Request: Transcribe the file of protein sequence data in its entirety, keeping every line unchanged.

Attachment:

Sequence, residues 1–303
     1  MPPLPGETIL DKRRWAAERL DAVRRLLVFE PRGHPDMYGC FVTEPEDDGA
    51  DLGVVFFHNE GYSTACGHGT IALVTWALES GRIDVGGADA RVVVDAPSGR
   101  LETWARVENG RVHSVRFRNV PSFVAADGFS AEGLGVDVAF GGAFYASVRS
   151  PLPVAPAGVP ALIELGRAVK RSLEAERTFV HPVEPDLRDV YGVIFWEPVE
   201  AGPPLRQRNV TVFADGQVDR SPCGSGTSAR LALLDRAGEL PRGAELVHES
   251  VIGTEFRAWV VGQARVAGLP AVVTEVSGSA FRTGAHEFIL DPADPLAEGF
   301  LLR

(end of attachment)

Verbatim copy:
Sequence, residues 1–303
     1  MPPLPGETIL DKRRWAAERL DAVRRLLVFE PRGHPDMYGC FVTEPEDDGA
    51  DLGVVFFHNE GYSTACGHGT IALVTWALES GRIDVGGADA RVVVDAPSGR
   101  LETWARVENG RVHSVRFRNV PSFVAADGFS AEGLGVDVAF GGAFYASVRS
   151  PLPVAPAGVP ALIELGRAVK RSLEAERTFV HPVEPDLRDV YGVIFWEPVE
   201  AGPPLRQRNV TVFADGQVDR SPCGSGTSAR LALLDRAGEL PRGAELVHES
   251  VIGTEFRAWV VGQARVAGLP AVVTEVSGSA FRTGAHEFIL DPADPLAEGF
   301  LLR